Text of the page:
El Chapo’s escape was not discovered until about an hour later, when prison guards noticed that he had not returned from his shower. They checked his cell and found the hole under his shower area. They then alerted their superiors and launched a manhunt for El Chapo.

What happened after El Chapo’s escape?

El Chapo’s escape caused a huge embarrassment for the Mexican government, which had vowed to prevent him from escaping again after his capture in 2014. The government offered a reward of $3.8 million

What was the reaction to El Chapo’s escape?

El Chapo’s escape caused a huge embarrassment for the Mexican government, which had vowed to prevent him from escaping again after his capture in 2014. The government offered a reward of $3.8 million for information leading to his recapture, and launched a massive manhunt involving thousands of troops, police and intelligence agents. The government also fired several prison officials and guards who were suspected of aiding or allowing El Chapo’s escape.

The escape also strained the relations between Mexico and the United States, which had requested El Chapo’s extradition after his arrest in 2014. The U.S. government expressed its dismay and frustration over El Chapo’s escape, and offered its assistance and cooperation to help Mexico recapture him. The U.S. government also increased its pressure on Mexico to extradite El Chapo once he was caught, arguing that he posed a serious threat to both countries and that he could not be held securely in Mexico.

The escape also sparked outrage and criticism from the Mexican public, who questioned the government’s competence and credibility in fighting corruption and organized crime. Many people also expressed their admiration and support for El Chapo, who was seen by some as a folk hero or a Robin Hood figure who defied the authorities and helped the poor. Some people even celebrated his escape with songs, memes, jokes and piñatas.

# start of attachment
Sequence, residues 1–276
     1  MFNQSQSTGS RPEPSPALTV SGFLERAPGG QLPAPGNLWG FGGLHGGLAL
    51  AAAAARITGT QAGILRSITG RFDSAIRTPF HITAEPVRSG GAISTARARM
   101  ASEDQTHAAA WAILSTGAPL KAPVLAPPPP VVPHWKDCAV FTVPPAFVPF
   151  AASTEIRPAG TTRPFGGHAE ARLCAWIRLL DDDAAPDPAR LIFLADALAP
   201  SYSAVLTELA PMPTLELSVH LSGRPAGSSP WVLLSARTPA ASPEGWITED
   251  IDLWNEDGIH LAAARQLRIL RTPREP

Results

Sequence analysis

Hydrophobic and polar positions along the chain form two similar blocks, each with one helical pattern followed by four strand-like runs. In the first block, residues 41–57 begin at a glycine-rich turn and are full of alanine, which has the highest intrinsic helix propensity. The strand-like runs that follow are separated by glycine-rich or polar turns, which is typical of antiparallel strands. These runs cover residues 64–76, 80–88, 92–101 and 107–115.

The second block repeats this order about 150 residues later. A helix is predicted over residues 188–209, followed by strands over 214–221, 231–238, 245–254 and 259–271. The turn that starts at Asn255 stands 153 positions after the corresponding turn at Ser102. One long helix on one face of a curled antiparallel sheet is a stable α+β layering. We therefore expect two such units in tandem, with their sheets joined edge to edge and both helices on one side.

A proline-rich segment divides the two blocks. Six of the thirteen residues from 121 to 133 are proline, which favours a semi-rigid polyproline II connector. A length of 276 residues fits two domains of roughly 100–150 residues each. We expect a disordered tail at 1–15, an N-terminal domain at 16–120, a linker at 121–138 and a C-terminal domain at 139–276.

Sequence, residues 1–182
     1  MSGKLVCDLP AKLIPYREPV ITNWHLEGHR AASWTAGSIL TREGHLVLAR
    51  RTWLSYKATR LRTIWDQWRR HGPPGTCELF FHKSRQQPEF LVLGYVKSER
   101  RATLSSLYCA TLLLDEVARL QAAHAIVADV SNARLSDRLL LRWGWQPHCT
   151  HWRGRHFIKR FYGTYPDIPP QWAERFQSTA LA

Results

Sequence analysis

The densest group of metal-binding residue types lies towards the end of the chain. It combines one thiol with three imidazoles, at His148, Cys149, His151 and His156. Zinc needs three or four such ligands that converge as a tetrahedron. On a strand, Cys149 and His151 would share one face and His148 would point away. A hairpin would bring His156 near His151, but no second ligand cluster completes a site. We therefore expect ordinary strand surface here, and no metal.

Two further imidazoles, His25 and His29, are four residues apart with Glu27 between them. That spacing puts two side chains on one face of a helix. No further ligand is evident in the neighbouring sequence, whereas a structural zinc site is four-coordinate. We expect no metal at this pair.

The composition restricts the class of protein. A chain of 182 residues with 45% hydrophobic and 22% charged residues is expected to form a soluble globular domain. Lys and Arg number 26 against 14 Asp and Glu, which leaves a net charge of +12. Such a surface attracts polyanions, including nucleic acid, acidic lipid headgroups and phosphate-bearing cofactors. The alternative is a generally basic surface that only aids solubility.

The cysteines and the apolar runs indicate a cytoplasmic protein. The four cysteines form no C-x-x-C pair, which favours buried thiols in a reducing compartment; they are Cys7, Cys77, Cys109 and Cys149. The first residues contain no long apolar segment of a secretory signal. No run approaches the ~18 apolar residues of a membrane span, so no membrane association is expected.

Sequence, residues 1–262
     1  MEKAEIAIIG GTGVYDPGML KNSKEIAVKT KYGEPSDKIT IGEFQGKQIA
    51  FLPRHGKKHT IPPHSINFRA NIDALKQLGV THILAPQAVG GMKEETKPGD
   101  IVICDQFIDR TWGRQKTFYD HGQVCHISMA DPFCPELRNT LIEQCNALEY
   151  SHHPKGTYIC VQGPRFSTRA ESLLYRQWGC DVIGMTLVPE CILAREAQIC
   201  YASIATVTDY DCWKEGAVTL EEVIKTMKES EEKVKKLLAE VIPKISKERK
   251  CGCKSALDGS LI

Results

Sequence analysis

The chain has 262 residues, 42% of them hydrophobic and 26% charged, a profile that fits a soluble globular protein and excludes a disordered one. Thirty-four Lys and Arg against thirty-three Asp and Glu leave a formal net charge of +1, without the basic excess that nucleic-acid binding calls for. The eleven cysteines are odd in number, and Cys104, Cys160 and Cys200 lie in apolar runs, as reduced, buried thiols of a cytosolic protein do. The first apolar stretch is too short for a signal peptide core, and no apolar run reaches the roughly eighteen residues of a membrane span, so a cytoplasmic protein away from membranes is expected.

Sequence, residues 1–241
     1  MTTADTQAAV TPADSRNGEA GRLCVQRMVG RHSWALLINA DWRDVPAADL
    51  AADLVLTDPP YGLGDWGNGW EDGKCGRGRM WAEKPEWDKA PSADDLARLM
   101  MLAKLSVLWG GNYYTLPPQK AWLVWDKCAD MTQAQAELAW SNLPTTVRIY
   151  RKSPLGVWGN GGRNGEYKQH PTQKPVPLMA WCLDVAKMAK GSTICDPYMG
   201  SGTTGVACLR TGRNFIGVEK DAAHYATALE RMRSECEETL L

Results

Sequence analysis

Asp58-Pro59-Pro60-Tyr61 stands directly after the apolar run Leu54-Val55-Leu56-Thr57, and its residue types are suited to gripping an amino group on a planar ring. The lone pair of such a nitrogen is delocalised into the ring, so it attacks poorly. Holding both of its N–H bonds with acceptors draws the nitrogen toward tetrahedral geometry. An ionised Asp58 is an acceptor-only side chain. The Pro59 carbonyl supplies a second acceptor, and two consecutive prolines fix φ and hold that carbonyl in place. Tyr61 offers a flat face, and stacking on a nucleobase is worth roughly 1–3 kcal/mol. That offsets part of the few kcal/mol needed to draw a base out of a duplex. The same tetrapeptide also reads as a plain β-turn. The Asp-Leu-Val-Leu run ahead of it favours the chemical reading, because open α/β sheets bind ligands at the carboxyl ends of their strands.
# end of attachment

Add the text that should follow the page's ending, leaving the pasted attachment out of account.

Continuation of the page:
How did El Chapo get recaptured?

El Chapo’s freedom did not last long. After his escape, he resumed his activities as the leader of the Sinaloa cartel, but also made some mistakes that exposed his location and movements. One of them was agreeing to an interview with the American actor Sean Penn and the Mexican actress Kate del Castillo, who visited him in October 2015 at his hideout in the mountains of Durango state. The interview was published by Rolling Stone magazine in January 2016, after El Chapo’s recapture.

The Mexican authorities claimed that they were able to track down El Chapo’s whereabouts thanks to the interview, as well as other sources of intelligence, such as phone taps, informants and surveillance. They also said that they had conducted several raids and operations in the areas where El Chapo was hiding, but he managed to evade them until January 2016.

On January 8, 2016, Mexican marines launched a raid on a house in Los Mochis, Sinaloa, where they believed El Chapo was staying. The raid turned into a fierce gun battle that left five of El Chapo’s gunmen dead and one marine wounded. El Chapo escaped through a secret tunnel under his shower area, but was later captured on a highway near the town of Juan José Ríos, after stealing two cars at gunpoint. He was taken to a hotel in Los Mochis, where he was identified and arrested.

What happened after El Chapo’s recapture?